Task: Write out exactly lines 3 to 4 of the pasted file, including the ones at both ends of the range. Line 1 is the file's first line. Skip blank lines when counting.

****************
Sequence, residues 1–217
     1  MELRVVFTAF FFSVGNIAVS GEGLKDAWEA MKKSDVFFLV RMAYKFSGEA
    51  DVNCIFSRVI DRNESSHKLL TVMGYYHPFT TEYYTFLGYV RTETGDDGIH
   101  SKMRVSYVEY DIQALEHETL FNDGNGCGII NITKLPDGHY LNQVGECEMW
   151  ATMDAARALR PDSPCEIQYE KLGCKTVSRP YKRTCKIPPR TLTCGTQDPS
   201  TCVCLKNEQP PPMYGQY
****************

    51  DVNCIFSRVI DRNESSHKLL TVMGYYHPFT TEYYTFLGYV RTETGDDGIH
   101  SKMRVSYVEY DIQALEHETL FNDGNGCGII NITKLPDGHY LNQVGECEMW